The Cincinnati Reds are a joke, and that’s being nice.
After half-heartedly trying to win for a whopping two seasons, the Reds appear to be in rebuilding mode yet again. Their fans have grown accustomed to it. The organization has fielded one of the MLB‘s worst teams almost every year for the past 25 seasons.
But Cincinnati’s ownership either doesn’t think its fans are smart enough to figure things out on their own, or it believes everyone has just forgotten about the last two decades of their lives.
The Reds are bad, but the front office wants fans to believe they’re actually good.
The Cincinnati Reds have become trash again
Prior to the 2020 MLB season, the Reds had recorded six straight losing campaigns. They had only made the playoffs three times since 1995 and hadn’t won a postseason series since that same year.
However, for the first time in what seemed like decades, Cincinnati spent a little money heading into the 2020 season. The team added guys like Mike Moustakas, Nick Castellanos, and Wade Miley.
It resulted in a playoff appearance during that COVID-19 shortened year and immediately created high expectations for 2021.
The Reds didn’t improve their roster too much before last season, but they still had a solid squad. It then helped them notch their second winning season since 2013, despite barely missing the playoffs.
This offseason, though, Cincinnati has returned to its losing ways.
It didn’t pick up Miley’s option and traded Tucker Barnhart, a two-time Gold Glove-winning catcher, to the Detroit Tigers. It then shockingly dealt Sonny Gray to the Minnesota Twins before sending All-Star outfielder Jesse Winker and former 49-home-run-hitter Eugenio Suarez to the Seattle Mariners. The Reds then put a bow on their dumpster fire of an offseason by not re-signing All-Star slugger Nick Castellanos and allowing him to go to the Philadelphia Phillies.
So, why did the team give up on winning after just two seasons?
Well, while the front office still refuses to admit that it’s rebuilding, general manager Nick Krall said in November that “(h/t Cincinnati.com), “We’re aligning our payroll with our resources.”
That means they are just being cheap and don’t want to pay their stars. In fact, Ken Griffey Jr. became their sixth-highest paid player after their flurry of offseason moves.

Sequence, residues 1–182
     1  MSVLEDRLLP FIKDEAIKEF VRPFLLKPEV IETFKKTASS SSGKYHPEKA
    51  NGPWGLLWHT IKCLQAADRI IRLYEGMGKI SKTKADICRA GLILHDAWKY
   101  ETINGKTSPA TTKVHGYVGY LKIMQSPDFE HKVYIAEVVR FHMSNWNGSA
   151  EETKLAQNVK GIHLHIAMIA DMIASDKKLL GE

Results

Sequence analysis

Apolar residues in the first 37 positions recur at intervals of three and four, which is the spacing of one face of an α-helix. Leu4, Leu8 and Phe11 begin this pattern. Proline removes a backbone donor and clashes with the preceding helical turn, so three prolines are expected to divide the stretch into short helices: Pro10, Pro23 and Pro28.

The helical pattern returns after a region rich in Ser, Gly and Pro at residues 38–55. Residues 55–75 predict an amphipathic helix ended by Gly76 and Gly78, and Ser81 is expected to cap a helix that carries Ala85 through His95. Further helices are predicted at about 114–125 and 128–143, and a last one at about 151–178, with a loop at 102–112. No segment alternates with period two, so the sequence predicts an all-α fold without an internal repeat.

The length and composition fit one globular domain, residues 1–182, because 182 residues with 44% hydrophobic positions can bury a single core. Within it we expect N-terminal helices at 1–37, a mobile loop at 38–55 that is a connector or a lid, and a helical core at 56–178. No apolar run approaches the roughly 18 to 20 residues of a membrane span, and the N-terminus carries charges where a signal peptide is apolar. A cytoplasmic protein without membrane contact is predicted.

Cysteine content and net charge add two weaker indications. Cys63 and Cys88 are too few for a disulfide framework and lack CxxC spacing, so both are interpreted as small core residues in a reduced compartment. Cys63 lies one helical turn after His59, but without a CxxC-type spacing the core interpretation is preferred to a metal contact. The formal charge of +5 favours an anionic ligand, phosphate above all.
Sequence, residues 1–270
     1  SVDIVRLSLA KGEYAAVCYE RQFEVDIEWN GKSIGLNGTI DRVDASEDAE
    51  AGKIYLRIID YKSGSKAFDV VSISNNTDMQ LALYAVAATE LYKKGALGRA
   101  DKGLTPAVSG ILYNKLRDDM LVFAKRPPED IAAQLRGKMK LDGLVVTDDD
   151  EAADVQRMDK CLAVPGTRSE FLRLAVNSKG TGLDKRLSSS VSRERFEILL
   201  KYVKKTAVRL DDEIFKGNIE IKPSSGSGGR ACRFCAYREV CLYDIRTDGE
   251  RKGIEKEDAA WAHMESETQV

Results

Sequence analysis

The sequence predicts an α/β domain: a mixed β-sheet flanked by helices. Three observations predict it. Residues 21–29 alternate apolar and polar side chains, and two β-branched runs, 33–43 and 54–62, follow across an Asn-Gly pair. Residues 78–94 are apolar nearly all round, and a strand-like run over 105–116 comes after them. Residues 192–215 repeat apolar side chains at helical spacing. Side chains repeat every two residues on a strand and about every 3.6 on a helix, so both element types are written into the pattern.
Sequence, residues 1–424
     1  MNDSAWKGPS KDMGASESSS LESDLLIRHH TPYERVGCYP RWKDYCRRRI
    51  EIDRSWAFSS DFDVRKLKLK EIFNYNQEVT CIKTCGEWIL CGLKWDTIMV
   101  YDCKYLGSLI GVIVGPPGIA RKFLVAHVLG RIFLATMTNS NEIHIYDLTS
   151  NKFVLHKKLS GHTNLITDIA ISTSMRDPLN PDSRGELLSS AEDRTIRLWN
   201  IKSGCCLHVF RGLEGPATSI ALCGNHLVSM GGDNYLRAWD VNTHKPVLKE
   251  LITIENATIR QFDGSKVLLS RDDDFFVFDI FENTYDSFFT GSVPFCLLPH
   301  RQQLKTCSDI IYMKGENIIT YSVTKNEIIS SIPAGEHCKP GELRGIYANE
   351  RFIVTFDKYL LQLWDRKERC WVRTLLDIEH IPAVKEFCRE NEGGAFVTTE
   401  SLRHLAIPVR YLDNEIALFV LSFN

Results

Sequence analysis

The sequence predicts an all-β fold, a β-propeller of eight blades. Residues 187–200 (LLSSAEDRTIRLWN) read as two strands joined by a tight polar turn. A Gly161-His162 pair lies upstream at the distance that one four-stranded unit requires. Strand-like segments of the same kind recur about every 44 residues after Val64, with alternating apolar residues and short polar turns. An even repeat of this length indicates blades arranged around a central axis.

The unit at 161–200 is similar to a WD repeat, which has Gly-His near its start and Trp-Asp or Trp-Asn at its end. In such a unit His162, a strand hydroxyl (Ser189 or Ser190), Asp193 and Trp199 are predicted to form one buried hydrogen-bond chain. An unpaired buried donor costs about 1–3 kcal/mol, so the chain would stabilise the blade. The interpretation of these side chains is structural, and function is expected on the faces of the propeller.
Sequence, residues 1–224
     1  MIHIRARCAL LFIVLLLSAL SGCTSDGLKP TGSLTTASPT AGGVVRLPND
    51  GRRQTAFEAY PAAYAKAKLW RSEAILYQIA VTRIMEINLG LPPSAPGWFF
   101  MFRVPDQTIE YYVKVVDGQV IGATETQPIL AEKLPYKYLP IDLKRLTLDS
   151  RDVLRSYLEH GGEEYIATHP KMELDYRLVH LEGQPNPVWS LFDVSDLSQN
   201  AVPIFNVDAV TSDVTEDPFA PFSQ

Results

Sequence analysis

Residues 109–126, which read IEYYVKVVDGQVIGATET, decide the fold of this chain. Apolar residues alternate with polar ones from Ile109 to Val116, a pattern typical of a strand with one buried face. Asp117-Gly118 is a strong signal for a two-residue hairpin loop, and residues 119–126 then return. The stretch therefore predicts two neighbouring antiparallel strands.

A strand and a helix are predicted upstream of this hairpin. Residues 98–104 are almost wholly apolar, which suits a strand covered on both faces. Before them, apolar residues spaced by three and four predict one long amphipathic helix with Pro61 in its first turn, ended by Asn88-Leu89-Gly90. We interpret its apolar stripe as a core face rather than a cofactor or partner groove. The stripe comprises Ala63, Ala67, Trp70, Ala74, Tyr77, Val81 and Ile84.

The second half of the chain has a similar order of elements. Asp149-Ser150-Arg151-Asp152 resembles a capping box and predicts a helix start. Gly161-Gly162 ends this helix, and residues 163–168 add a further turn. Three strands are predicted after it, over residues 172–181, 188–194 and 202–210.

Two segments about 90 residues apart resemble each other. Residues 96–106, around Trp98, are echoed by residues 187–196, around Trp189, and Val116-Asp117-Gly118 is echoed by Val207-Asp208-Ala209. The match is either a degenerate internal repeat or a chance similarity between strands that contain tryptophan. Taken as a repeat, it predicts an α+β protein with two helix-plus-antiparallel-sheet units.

Phil Castellini insulted Reds fans with two comments
Baseball means a lot to the city of Cincinnati. The Reds were the first MLB team in history, and Opening Day is a holiday.
However, fans can only take so much. After watching their team stink for over two decades, why would they want to continue putting time and energy into an organization that doesn’t care about winning or (more importantly) them?
So, ahead of the team’s home opener on April 12, the Reds still have tickets available. But Phil Castellini, the team’s president and the son of owner Bob Castellini, seemingly doesn’t want people to think it has anything to do with Cincy’s questionable moves.
“Because of the date change, a lot of people who had the plans for tomorrow’s game couldn’t make it,” he said, per WCPO. “We still have Opening Day tickets available, which I don’t think I’ve ever been able to say at this podium at this time of year.”
Oh, it’s just because of the date change? Got it.
So, what about this trash can you call a roster?
“I think if you watched any spring training games, this is a good, entertaining team and I think you’ll see that play out on Opening Day and throughout the season,” Castellini said, per WCPO. “So have a little bit of faith in what we’re doing with your Cincinnati Reds.”
Phil Castellini and the Reds should show their fans a little more respect
There’s a lot to unpack from Castellini’s comments.
First of all, the (what is expected to be) poor attendance for the home opener has nothing to do with the date change. Fans would go above and beyond to get to the ballpark if they had a reason to be excited about their team. To suggest otherwise is an insult to the fan base’s dedication.
But while that comment was ridiculous, the other one was worse.
Do you really think spring training games indicate how your season is going to go? The Reds went 16-19 during 2017 Spring Training but finished the regular season 68-94.
And what has the front office ever done to earn faith from its fans?
Bob Castellini became team owner in 2006. Since then, the Reds have only had five winning seasons, four playoff appearances, and no postseason series wins.
Yeah, but fans are supposed to trust you?
The Cincinnati Reds used to be the standard in the MLB. They were the first team in league history and won five World Series championships, including two with the Big Red Machine.
Now, they are just perennial losers who don’t care about their fans. If they don’t turn things around soon, Opening Day attendance will just worsen and worsen each year.
Stats courtesy of Baseball Reference